It was a little after 2 a.m., and police had already blocked off Main Street to traffic. A handful of officers had their hands full breaking up the shouting matches occasionally flaring from a crowd of nearly 200 people spread over two blocks in the heart of Main Street's bar district.
"All the white, glitzy, suburbanite people were moving around glaring at the urban youth, and the punk-ass guys were fighting and laughing at the wholesome folks in their tight clothes," says Jason Bruffy, who witnessed the scene.
Most of the fights didn't escalated above verbal pissing contests.
Most, but not all: A mass of men spun down the middle of Main Street until one figure pulled ahead and it became clear the half dozen or more others were running him down.
Then the knot re-congealed in front of a white van waiting for a light to change at St. Mary's Square on 12th and Main. After 30 seconds of flailing limbs, a knife flew out of the roiling mound and skittered to a stop in the middle of the street
The men quickly scattered. One young black man ambled north on Main, mostly succeeding in looking chill except for blood spattered across the right shoulder of his T-shirt. A voice called out, "Man, take off your shirt." He dropped it to the ground and continued up Main without breaking stride.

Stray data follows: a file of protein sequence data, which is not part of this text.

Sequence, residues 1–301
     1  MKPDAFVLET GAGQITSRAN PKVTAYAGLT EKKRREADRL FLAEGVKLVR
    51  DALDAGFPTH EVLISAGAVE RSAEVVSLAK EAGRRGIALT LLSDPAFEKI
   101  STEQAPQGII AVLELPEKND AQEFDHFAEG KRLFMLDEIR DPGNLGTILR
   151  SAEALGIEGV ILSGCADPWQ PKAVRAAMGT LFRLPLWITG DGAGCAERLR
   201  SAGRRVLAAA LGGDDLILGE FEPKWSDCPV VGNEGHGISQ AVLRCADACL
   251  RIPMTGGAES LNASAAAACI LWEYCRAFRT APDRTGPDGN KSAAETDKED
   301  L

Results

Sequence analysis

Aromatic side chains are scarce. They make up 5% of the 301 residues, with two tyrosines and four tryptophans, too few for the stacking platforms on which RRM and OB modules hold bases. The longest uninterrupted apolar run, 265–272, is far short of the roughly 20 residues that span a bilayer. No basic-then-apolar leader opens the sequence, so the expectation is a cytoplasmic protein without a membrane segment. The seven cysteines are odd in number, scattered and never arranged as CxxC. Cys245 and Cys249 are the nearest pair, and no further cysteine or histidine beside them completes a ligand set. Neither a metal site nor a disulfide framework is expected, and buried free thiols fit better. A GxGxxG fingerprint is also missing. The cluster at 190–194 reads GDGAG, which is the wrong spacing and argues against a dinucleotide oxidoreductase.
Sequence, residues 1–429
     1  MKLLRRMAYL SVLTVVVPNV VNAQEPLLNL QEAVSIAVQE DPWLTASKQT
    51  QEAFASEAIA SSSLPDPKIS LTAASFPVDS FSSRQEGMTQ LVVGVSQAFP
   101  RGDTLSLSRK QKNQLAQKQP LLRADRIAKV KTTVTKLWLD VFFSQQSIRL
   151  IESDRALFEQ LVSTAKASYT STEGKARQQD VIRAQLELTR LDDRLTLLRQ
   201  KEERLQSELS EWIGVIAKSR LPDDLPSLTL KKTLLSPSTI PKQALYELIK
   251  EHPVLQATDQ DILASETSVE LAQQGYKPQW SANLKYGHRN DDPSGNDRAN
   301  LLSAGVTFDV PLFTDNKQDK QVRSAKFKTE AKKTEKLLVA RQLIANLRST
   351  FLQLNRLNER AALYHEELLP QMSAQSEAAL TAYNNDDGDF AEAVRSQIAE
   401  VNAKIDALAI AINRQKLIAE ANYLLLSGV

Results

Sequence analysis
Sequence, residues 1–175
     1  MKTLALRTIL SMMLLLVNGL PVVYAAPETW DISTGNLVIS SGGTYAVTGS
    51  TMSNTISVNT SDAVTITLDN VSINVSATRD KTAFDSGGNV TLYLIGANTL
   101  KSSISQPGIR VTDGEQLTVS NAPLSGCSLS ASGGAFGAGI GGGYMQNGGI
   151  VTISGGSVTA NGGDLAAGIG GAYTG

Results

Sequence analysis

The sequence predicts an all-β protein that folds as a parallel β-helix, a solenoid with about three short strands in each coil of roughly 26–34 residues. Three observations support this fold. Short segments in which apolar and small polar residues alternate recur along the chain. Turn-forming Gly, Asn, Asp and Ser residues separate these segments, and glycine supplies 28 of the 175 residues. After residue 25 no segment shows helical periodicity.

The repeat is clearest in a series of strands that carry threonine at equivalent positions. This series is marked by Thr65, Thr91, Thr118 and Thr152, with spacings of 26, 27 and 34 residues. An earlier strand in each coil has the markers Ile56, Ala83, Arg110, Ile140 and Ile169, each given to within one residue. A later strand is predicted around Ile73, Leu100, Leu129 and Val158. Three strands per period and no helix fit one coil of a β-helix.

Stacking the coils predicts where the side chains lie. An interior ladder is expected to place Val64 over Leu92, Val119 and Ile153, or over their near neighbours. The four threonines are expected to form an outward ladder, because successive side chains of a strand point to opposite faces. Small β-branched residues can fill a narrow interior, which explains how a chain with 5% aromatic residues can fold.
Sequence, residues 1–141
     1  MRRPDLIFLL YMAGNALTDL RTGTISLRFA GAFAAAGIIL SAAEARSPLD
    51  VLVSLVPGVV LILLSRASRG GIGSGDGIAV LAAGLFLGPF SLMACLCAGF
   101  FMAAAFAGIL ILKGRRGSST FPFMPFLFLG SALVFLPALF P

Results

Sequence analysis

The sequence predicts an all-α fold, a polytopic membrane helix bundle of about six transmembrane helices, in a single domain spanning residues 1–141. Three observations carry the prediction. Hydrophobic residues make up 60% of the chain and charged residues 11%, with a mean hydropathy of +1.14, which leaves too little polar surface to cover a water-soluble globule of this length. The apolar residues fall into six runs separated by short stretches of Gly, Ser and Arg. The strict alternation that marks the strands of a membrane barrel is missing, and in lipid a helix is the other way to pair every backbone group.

One man still lay prone on the street, trying in vain to lift himself off his side. Finally someone helped him up and they melded into the crowds heading south down the street.
By the time the flashing lights of a police cruiser cut through the remaining drunken melee, there was nothing left of the fight to see.
However, at 2:46 a.m. a call to 911 reported two stabbing victims in the emergency room of Christ Hospital, according to Fran Cihon of the Cincinnati Police Department's Public Information Office. She said the victims had come from Jekyll and Hyde's, one of the bars near St. Mary's Square.
The police report names three stabbing victims. A 20-year-old black male, Deandre Richardson of Corryville, suffered a stab wound to his neck from an "unknown suspect" who "stabbed victims with a knife, causing severe injuries," according to the report's short narrative. Saed Elkahla, a 33-year-old white male from Silverton, received a severe cut on his right wrist. Antonio Campbell, an 18-year-old black man from Over-the-Rhine, was stabbed in the right arm. All three were taken in by friends and transferred to University Hospital.
What struck this reporter about witnessing the incident, and what some people concerned about violence in Over-the-Rhine and elsewhere don't seem to understand, is that random violence delivered by a stranger is unusual. I never felt threatened; I wasn't in anybody's face. Which doesn't make me or anyone else immune, of course.
But when politicians are talking about black-on-black crime, they're not talking about race. They're talking about a culture in which people who know each other use violence to address their problems. In our city and others, that culture happens to be predominantly both black and poor.
So it is that, as we enter a new year, Cincinnatians can stand a dozen feet apart and yet the distance between their respective worlds seems impassable.
All The News That Fits: Leads, entrails and tales we couldn't get to.